In the North East, which has also been under stricter measures due to surging infections, hospitals struggled against the fourth highest rise in admissions, by 44 per cent, but had the lowest rise in the number of patients on ventilators, by two per cent.
Nonetheless, their total number of patients needing the machines is the third highest in England.
NHS England figures show 1,739 patients were newly admitted to hospital with Covid-19, up from 1,209 the previous week.
And the number of patients on ventilators rose to 790 from 771 the previous week.
Infections rose by 8.6 per cent yesterday compared to last Thursday after 23,065 cases were recorded, in a sign England’s second wave may be slowing down – meaning hospital admissions may also begin to plateau in the coming weeks.
Deaths, however, surged by 48.1 per cent to 280 yesterday. This figure reveals the impacts of infections weeks ago, as it takes time for someone to catch the virus and then succumb to the infection.
Ministers were warned yesterday that without drastic action Britain’s hospitals could quickly become full.
A well-placed source told the Daily Mail: ‘Ministers have been told in clear terms that if no further action is taken, at the present rate of rising infections, every hospital bed in England will be full by December 17.
‘They would have no choice but to turn people away, including additional Covid-19 patients, people who have heart attacks, cancer, road accident victims – because there would be no beds to put them in or staff to treat them.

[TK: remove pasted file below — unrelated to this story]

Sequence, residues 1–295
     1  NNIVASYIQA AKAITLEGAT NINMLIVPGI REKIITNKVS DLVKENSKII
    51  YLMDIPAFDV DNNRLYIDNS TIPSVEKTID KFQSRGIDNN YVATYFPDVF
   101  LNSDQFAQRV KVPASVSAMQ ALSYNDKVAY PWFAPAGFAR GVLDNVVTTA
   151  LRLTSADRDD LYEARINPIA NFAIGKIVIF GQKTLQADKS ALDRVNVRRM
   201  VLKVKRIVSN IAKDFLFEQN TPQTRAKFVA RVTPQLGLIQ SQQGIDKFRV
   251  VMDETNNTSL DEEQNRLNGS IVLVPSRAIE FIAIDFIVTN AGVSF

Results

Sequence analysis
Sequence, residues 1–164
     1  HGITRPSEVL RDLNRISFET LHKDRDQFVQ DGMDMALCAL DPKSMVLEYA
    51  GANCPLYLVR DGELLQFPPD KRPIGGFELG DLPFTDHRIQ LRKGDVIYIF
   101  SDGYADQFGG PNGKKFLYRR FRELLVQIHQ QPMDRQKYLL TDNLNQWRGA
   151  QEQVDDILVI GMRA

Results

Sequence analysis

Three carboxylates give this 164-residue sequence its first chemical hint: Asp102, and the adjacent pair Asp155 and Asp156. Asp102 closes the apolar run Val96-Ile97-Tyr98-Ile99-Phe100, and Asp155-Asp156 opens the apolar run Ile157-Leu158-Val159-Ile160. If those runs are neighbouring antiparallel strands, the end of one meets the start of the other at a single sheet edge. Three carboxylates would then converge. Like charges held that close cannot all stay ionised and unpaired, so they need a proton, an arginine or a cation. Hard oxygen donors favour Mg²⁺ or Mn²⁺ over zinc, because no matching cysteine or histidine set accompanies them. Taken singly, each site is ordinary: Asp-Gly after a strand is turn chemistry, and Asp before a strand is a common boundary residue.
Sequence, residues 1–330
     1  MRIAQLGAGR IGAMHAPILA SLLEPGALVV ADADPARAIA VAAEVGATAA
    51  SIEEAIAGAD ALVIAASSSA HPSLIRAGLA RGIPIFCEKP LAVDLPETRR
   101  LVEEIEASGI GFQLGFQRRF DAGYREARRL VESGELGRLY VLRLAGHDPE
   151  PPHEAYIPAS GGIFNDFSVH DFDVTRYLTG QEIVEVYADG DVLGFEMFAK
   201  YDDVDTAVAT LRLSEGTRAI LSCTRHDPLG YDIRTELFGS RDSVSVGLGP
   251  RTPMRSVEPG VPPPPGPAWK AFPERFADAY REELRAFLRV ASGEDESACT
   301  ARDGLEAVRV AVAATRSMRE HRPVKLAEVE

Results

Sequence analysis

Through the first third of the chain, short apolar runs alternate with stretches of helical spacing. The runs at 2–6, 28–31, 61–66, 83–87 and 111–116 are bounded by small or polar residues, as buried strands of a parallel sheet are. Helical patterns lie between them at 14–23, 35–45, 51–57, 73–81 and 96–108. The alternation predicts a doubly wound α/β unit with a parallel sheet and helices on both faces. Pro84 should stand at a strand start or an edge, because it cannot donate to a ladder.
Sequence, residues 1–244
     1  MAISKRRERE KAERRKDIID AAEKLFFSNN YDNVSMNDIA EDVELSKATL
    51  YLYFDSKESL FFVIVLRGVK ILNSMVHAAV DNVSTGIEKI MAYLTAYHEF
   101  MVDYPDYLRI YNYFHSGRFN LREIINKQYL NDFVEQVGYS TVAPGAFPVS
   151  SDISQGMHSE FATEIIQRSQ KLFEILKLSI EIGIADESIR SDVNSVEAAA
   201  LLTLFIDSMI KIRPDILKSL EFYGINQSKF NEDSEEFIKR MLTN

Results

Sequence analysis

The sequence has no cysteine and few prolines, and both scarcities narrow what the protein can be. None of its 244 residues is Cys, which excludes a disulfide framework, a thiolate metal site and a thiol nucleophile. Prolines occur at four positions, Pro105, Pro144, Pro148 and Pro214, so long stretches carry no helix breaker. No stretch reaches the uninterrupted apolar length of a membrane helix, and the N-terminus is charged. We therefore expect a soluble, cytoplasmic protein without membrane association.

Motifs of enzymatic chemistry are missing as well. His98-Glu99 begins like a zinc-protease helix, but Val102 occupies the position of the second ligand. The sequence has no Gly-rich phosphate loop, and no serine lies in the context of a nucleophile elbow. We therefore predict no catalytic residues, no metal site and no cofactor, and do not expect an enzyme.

Britain recorded another 23,065 confirmed Covid-19 cases and 280 deaths in the past 24 hours
Scientists have warned the second wave of coronavirus could result in 85,000 deaths, almost double the number of victims from the first epidemic
‘There could be a repeat here of the scenes in Lombardy in Italy at the start of the pandemic: the sick put in operating rooms or corridors.
‘Hospital admissions are forecast to go up slowly for the next few weeks but shoot up towards Christmas.
‘People don’t realise that social distancing measures can mean only ten beds in a ward meant to take 20.
‘And there is a finite number of trained ICU [intensive care unit] staff – you cannot do it without special training.’
A Downing Street source also confirmed to the newspaper that the Government had been advised hospitals could run out of space before Christmas.
Hospitals could run out of beds by December 17
Boris Johnson has been told that every hospital in England will be full by December 17 unless he orders more lockdowns.
The blunt warning emerged a day after a leaked Sage committee document revealed that ministers had been told to prepare for a ‘worst case scenario’ of 85,000 deaths.
Last night, a Downing Street source confirmed the Government had been advised that hospitals in England could run out of beds by Christmas but declined to give a precise date.
Government insiders insist there is evidence that NHS beds in cities like Liverpool, which are already in Tier Three lockdown, are already running out.
The forecast of no beds being available by December 17 is understood to include the emergency ‘Nightingale’ wards.
However Mr Johnson is under pressure from powerful groups who are demanding he resist any new nationwide measures.
Tory MPs in the so-called ‘Red Wall’ Northern seats claim their lockdowns are not working and are unfair.
‘Some medical experts claim lockdowns will lead to more deaths among people with cancer and other serious illnesses.